Director Darren Aronofsky recently made an appearance at an L.A. press screening and confessed it was best 'just to let `The Fountain` do you.â?� There was the sense that he didn't really expect anyone to get his latest opus, an existential sci-fi epic. Like he had resigned himself to that and yet was also OK with that outcome. It's that faith in his artistic vision ' a faith that's evident during every second of The Fountain ' that sustains the movie even when you have no idea what the hell is going down. And that's often. Pretty much all the time. Seriously.
The story, which takes place during three different eras, opens in the 16th century with conquistador Tomas (Hugh Jackman) being dispatched by Spanish Queen Isabel (Rachel Weisz) to the New World where he's to find the biblical Tree of Life; its sap offers the promise of immortality, so, for all intents and purposes, it's the Fountain of Youth ' hence the movie's title. We quickly jump to the 26th century, where a bald Tomas ' who is not Tomas, but a pale-skinned Buddhist named Tom Creo (Jackman again) ' is traveling through space in a transparent ball of what may or may not be mental energy. Inside this sort of snow-globe world grows the Tree of Life; together, the two are barreling toward the Xibalba nebula, which the Mayans believed was their underworld. Confused yet? Well, now we get thrown back to the 21st century, where Tommy (Jackman, yet again) is a scientist searching for a cure to the cancer that is killing his beloved wife Izzi (Weisz again). His cure might lie in fragments of a mysterious South American tree that seem to possess restorative properties.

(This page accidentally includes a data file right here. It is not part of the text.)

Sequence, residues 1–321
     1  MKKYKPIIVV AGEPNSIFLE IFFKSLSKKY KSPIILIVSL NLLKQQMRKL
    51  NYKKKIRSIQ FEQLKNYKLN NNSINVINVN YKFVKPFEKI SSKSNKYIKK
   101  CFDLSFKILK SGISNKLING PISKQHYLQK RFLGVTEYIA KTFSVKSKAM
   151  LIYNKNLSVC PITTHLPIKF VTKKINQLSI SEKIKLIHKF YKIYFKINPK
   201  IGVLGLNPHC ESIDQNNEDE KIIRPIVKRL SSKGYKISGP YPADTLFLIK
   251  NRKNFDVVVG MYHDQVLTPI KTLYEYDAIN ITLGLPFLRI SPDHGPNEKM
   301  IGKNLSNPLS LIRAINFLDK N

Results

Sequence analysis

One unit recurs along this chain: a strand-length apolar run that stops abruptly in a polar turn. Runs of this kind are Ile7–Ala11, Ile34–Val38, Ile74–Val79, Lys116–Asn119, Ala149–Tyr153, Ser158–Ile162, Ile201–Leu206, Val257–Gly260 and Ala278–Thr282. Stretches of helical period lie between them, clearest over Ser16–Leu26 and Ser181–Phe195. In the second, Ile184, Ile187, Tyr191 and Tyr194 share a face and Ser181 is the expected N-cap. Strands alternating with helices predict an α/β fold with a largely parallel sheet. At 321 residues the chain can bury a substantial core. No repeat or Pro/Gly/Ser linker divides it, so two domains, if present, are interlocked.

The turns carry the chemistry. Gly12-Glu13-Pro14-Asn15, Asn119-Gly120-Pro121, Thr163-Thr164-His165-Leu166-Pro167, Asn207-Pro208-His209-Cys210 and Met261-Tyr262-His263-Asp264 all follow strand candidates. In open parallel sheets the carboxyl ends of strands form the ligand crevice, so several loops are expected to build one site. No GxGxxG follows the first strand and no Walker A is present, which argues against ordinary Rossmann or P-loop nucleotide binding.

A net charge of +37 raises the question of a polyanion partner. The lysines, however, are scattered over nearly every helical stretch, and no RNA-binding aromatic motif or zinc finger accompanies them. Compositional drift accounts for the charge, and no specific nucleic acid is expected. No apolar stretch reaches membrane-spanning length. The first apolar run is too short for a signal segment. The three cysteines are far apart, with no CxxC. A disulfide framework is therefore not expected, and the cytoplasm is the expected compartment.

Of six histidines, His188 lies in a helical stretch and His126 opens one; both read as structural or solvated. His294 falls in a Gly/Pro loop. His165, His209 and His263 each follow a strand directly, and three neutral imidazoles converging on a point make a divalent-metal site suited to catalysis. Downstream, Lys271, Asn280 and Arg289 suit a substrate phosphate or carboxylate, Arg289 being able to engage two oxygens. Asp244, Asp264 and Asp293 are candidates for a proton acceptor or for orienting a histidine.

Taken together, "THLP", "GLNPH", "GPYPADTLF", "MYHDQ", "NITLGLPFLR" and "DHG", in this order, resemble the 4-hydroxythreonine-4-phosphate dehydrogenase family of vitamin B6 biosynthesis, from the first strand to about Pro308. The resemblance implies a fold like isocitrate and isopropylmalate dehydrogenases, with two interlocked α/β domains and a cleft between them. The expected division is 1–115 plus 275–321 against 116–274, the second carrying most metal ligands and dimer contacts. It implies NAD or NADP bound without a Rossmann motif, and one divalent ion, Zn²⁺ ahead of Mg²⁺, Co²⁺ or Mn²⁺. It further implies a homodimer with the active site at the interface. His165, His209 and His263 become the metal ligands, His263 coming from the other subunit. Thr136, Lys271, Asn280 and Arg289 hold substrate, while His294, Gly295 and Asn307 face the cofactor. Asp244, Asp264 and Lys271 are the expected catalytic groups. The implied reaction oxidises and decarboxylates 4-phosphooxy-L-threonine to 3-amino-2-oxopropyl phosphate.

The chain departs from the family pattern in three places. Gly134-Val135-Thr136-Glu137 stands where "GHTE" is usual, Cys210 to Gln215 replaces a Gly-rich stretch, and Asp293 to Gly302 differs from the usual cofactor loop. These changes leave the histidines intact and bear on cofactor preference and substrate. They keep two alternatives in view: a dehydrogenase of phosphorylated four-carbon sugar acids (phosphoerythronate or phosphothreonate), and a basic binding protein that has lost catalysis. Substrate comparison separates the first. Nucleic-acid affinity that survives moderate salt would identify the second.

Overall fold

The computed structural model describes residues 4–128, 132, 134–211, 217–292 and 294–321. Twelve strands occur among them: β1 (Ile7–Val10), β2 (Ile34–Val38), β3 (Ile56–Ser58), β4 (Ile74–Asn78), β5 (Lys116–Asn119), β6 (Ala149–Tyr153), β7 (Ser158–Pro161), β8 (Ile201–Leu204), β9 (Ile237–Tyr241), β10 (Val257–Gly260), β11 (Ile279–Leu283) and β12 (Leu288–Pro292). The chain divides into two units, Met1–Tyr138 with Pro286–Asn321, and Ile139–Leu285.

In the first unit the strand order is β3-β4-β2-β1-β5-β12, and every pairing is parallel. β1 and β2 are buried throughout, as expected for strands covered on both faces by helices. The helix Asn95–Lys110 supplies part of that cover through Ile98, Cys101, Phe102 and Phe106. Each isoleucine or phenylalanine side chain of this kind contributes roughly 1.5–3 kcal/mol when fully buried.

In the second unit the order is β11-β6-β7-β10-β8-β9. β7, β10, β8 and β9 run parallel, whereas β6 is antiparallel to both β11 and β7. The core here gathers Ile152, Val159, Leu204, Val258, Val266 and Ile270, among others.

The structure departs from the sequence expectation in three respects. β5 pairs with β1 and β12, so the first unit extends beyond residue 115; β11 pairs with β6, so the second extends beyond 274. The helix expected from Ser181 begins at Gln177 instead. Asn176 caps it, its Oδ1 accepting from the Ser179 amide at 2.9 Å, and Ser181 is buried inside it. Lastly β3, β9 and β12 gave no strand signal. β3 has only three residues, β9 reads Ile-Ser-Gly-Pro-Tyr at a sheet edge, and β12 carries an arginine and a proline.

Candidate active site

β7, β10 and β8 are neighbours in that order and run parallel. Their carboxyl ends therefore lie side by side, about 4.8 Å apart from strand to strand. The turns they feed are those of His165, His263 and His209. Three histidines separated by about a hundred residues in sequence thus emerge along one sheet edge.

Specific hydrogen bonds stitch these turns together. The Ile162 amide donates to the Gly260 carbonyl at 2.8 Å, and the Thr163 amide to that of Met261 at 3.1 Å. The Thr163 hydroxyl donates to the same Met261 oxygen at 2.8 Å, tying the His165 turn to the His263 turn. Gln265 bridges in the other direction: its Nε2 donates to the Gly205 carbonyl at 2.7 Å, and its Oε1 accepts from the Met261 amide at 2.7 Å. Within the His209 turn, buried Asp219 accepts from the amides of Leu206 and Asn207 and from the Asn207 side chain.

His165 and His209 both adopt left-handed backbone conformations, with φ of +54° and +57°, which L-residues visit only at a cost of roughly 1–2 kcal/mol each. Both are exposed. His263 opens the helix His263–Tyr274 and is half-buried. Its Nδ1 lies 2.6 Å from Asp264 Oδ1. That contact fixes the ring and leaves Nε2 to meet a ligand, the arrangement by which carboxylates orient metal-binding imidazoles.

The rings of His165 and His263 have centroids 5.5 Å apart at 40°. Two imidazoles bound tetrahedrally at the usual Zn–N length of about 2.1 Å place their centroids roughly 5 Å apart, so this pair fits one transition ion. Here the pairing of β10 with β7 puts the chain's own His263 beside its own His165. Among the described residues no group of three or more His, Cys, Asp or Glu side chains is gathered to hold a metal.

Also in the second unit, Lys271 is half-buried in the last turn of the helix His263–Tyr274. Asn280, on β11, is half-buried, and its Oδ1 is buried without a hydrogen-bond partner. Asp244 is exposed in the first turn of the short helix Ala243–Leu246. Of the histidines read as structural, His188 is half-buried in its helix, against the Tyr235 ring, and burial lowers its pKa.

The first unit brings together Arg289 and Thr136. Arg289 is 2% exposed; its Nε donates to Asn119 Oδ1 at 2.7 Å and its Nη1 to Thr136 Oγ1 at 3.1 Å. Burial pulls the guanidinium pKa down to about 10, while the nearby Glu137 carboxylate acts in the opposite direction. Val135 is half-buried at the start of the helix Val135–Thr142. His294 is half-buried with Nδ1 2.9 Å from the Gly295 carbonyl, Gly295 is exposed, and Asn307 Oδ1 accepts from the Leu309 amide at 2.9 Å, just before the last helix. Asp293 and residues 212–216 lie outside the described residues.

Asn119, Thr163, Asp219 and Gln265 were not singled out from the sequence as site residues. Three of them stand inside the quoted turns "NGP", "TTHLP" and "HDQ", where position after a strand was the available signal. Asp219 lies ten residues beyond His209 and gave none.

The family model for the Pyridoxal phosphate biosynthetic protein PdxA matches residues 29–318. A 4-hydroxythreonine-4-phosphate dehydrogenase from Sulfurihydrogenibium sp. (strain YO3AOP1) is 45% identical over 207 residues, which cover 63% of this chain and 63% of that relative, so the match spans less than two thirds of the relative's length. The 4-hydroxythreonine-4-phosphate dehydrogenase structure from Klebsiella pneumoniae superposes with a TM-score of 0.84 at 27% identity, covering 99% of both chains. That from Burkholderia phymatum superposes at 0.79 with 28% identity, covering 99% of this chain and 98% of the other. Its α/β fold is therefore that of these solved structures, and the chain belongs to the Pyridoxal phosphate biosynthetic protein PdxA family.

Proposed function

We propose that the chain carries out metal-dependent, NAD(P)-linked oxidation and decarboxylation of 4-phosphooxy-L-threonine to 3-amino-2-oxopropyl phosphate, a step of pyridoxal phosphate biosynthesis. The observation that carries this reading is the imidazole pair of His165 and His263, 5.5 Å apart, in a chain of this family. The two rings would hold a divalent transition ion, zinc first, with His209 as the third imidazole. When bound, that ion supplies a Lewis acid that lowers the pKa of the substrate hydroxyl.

The mystery to unravel what is real, who is really who and how they're interconnected is what drives this exploration of reality that incorporates theology of every persuasion. See, Queen Isabel and her servant Tomas, as real as they seem, might actually be characters in a novel called The Fountain that Izzi is writing as she dies. Tommy, who stumbles upon a cure for Izzi too late, grows determined to beat this 'death,â?� which he says is a disease and thus has a cure like any other disease. Therefore, does this mean that Tom Creo is actually Tommy, living 5,000 years subsequent to the discovery of this cure and now capable of propelling himself through space on his way to something like nirvana?
Of course, there's always the possibility that Tomas, Tommy and Tom are all reincarnations of the same soul, that Isabel and Izzi are likewise, and that The Fountain is a quest to reunite in eternity with one's soulmate. Any of these conclusions could be right. In fact, they are. All of them. And, at the same time, they're all wrong.
Aronofsky has crafted a nonsensical tale convoluted by mysticism, metafiction and ambiguities. It's a mental riddle that demands multiple viewings, and with each of those viewings layers will be peeled away. But even as that happens, expect more layers to appear. A lot of criticism has been heaped on The Fountain for its confusing narrative that promotes nothing but debate, but that might be its biggest success. Its failure comes from the fact that Warner Bros. is promoting it like a big-budget epic love story across time and space, which might be true. It's bigger than all of that and Aronofsky knows the answer. The question is, are you willing to work for it?